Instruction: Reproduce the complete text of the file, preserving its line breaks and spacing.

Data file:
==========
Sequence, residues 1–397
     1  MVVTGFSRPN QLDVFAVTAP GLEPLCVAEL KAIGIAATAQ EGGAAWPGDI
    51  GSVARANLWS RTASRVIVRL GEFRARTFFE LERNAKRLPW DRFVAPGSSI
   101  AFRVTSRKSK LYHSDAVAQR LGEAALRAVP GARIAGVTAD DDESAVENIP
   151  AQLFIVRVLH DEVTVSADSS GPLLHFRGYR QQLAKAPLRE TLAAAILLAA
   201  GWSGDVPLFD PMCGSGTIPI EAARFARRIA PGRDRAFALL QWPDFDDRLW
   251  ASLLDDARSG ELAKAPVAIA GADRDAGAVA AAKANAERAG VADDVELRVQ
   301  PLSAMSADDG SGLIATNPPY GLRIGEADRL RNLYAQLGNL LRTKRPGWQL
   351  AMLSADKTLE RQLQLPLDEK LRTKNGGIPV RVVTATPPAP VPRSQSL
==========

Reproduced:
Sequence, residues 1–397
     1  MVVTGFSRPN QLDVFAVTAP GLEPLCVAEL KAIGIAATAQ EGGAAWPGDI
    51  GSVARANLWS RTASRVIVRL GEFRARTFFE LERNAKRLPW DRFVAPGSSI
   101  AFRVTSRKSK LYHSDAVAQR LGEAALRAVP GARIAGVTAD DDESAVENIP
   151  AQLFIVRVLH DEVTVSADSS GPLLHFRGYR QQLAKAPLRE TLAAAILLAA
   201  GWSGDVPLFD PMCGSGTIPI EAARFARRIA PGRDRAFALL QWPDFDDRLW
   251  ASLLDDARSG ELAKAPVAIA GADRDAGAVA AAKANAERAG VADDVELRVQ
   301  PLSAMSADDG SGLIATNPPY GLRIGEADRL RNLYAQLGNL LRTKRPGWQL
   351  AMLSADKTLE RQLQLPLDEK LRTKNGGIPV RVVTATPPAP VPRSQSL